@Component: Now let’s see how to use @Component annotation,

@Singleton
@Component (modules = {AppModule.class, NetModule.class})
public interface NetComponent {

    void inject(MainActivity activity);
    
    /* Create different inject() method for different         
    activities/fragent/service */
   
    void inject(MyFragment fragment);
    void inject(MyService service);

}

This is nothing but an interface annotated with @Component. It assigns references in our activities, services, or fragments to have access to singletons we earlier defined.

Note that the activities, services, or fragments that can be added should be declared in this interface with individual inject() methods. We can name the method something else but it is recommended to use as it is.

Next step is, build the component. We should do all this work within a Application class since these instances should be declared only once throughout the entire lifespan of the application, remember we have given the Singleton scope.

public class MyApp extends Application {
   private final String TAG = getClass().getSimpleName();
   private static NetComponent netComponent;
    
    @Override
    public void onCreate() {
         super.onCreate();
         /*Add all the list of modules that are part of the 
           component here */
         netComponent = DaggerNetComponent.builder()
                .appModule(new AppModule(this))
                .netModule(new NetModule("http://google.com"))
                .build();

        Log.e(TAG, "onCreate: netComponent = "+netComponent );
    }

    public static NetComponent getNetComponent() {
        return netComponent;
    }
}

DaggerNetComponent is an auto-generated class, Dagger will generate it at compile time.

If a Dagger 2 component does not have any constructor arguments for any of its modules, we can use .create() as a shortcut instead:

netComponent = DaggerNetComponent.create();

How to get the object in Activity/Fragment?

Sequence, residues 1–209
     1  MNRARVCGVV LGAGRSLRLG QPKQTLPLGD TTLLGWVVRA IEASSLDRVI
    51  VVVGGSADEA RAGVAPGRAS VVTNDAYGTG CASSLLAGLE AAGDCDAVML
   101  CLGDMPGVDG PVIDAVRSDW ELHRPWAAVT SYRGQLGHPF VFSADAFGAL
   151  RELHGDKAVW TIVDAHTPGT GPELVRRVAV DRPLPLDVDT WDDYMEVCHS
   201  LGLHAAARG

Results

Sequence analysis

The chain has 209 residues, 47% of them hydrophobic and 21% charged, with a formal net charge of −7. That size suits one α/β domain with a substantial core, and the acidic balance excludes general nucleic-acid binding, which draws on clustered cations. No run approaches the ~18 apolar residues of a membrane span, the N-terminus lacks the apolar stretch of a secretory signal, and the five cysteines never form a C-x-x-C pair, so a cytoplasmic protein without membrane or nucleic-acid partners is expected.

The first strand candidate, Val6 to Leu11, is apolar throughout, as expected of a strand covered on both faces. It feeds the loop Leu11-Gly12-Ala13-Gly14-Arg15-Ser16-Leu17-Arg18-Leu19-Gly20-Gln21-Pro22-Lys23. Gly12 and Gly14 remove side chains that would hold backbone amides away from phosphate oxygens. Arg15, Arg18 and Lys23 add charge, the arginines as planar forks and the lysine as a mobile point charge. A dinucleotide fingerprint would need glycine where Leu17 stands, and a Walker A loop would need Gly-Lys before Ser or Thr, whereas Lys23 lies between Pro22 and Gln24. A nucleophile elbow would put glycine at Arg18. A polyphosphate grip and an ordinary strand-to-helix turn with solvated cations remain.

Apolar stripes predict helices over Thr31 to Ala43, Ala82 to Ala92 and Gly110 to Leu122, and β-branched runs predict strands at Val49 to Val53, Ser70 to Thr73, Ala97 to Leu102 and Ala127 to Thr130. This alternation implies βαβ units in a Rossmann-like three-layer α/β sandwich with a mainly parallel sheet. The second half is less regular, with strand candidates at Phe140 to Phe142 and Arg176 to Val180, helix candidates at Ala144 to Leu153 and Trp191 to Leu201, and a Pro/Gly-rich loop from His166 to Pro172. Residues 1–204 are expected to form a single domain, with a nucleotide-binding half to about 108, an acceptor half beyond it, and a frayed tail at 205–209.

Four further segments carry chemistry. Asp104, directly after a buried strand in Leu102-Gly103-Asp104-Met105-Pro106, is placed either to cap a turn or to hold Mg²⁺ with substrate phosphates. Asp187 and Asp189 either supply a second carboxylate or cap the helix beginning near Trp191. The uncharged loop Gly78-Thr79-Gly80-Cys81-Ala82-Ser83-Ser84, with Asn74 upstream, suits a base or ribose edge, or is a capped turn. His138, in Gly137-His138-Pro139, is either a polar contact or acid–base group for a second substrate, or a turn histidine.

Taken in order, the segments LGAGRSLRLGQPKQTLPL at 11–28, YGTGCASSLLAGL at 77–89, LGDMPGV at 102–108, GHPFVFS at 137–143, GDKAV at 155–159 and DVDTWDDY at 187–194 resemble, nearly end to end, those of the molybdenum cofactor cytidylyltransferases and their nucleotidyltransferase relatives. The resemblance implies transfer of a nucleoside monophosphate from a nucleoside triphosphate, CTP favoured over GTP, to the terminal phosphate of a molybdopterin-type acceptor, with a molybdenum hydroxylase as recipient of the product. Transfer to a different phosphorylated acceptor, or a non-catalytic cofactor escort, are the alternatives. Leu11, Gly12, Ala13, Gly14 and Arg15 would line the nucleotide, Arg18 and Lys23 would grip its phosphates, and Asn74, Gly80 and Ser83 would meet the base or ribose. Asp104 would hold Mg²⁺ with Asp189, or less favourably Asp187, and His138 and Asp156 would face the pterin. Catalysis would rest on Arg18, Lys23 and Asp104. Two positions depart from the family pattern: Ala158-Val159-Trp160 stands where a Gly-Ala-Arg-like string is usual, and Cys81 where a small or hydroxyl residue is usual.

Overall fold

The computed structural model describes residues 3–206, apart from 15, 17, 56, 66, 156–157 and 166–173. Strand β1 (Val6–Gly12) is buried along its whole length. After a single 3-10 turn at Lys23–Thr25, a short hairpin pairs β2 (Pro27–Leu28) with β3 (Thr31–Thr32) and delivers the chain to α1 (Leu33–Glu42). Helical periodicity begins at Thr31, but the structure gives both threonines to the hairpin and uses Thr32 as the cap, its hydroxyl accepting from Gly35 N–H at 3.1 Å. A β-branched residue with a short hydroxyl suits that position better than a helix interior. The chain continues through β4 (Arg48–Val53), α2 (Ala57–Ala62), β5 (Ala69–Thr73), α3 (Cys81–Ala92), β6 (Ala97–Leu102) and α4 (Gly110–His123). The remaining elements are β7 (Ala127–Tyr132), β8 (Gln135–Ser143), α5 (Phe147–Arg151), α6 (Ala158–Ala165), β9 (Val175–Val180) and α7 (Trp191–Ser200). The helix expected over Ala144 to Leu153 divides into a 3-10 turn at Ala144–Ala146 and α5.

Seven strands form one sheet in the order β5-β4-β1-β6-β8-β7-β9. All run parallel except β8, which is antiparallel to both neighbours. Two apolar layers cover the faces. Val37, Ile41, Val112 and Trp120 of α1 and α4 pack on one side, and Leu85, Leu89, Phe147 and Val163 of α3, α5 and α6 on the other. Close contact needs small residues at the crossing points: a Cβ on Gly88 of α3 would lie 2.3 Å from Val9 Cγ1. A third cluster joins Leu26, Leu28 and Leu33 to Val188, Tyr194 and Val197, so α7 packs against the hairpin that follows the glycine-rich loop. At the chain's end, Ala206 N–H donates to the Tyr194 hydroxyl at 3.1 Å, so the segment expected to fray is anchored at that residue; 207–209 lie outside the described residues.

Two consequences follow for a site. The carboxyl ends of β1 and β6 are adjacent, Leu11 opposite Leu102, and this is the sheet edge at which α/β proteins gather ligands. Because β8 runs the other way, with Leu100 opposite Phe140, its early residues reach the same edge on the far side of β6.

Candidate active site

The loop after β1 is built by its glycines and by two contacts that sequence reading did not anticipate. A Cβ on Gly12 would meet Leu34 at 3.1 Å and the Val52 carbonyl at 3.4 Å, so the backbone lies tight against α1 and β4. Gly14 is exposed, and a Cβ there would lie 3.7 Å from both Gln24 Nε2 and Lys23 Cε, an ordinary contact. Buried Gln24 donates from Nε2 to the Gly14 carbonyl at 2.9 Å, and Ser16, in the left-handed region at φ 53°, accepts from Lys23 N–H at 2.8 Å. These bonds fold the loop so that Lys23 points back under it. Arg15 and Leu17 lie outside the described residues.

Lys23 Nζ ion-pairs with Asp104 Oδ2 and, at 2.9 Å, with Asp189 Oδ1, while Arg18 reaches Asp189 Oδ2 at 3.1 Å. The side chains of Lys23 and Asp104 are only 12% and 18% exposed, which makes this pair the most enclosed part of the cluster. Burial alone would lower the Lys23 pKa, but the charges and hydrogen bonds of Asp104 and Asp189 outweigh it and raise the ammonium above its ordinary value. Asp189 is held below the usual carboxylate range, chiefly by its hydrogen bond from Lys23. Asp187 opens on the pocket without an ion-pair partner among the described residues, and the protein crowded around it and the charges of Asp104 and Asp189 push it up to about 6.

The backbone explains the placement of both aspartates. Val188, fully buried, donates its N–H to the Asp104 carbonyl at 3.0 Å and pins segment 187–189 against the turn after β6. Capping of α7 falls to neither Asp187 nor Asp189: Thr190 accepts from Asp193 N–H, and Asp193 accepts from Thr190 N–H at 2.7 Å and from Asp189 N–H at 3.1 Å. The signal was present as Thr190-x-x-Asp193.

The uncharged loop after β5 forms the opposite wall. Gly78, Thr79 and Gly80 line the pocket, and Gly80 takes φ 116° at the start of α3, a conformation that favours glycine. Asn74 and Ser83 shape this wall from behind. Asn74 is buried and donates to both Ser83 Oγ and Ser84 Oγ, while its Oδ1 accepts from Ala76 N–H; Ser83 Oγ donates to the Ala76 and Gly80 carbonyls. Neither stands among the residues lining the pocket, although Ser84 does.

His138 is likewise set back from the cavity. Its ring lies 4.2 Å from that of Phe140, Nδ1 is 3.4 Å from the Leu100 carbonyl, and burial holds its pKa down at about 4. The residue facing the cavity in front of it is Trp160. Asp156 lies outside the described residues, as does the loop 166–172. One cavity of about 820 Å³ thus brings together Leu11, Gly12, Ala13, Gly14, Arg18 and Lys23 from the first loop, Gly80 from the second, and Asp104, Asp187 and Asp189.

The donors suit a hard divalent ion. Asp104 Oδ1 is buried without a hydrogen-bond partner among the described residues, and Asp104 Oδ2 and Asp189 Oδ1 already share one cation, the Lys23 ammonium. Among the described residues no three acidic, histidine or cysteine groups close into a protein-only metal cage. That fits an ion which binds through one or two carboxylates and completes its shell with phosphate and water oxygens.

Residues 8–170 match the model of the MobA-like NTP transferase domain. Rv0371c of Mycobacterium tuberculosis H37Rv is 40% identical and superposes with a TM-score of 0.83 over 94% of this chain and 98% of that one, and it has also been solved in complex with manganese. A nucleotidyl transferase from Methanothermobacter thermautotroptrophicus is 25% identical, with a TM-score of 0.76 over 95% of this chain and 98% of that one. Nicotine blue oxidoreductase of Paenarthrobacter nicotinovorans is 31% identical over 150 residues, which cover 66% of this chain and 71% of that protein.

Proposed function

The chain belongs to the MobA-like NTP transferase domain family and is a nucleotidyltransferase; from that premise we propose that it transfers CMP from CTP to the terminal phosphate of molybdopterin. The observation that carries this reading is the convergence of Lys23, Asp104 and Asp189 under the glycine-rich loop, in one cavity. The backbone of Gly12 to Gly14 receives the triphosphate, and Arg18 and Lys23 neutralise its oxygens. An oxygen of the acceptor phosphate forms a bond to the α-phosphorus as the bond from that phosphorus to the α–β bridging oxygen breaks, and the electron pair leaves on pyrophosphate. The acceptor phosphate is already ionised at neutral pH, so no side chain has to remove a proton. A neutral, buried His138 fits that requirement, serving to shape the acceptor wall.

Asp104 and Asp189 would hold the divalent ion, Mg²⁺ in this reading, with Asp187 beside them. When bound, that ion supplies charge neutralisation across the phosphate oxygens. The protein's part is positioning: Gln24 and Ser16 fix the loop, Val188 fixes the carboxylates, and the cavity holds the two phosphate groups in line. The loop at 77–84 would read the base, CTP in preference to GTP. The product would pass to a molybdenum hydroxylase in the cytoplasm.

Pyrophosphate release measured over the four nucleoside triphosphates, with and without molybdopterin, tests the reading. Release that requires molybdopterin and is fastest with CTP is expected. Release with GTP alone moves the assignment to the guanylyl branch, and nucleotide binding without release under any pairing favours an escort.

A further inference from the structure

Here is a MainActivity.java class which will call to the Dagger component and gets the injected objects.

public class MainActivity extends AppCompatActivity {
    @Inject
    SharedPreferences sharedPreferences;
    private final String TAG = getClass().getSimpleName();

    @Inject
    InjectConstructor injectConstructor;

    @Inject
    Retrofit retrofit;

    @Override
    protected void onCreate(Bundle savedInstanceState) {
        super.onCreate(savedInstanceState);
        setContentView(R.layout.activity_main);

        MyApp.getNetComponent().inject(this);

        // Here we will get all the injected class's objects here
        Log.e(TAG, "onCreate: sharedPreferences = 
                   "+sharedPreferences );
        Log.e(TAG, "onCreate: injectConstructor = 
                   "+injectConstructor );
        Log.e(TAG, "onCreate: retrofit = "+retrofit );

        /* We are getting InjectConstructor class object without 
         calling its constructor with new keyword and can 
         access its methods too. */
      
        injectConstructor.testIt();

    }

}

Note that Dagger does not support injection into private fields.

public class InjectConstructor {
    private final String TAG = getClass().getSimpleName();

    @Inject
    public InjectConstructor (){
        Log.e(TAG, "InjectConstructor: Inside of Constructor");
    }

    public void testIt(){
        Log.e(TAG, "testIt: Inside a method of 
                 InjectConstructor");
    }
}

If you see, InjectConstructor class is used in above MainAcitivity. What is it? A simple class whose constructor is annotated with @Inject annotation.

If you want to create an instance of a class without calling its constructor with a new keyword, you can just add @Inject annotation above the class’s constructor. Doing this Dagger gets a signal that needs to create an instance for the class, it will create automatically.  You need to add @Inject annotation over the class object declaration while using it in Activity/Fragment/any other classes.

 

Leave a Reply

Your email address will not be published. Required fields are marked *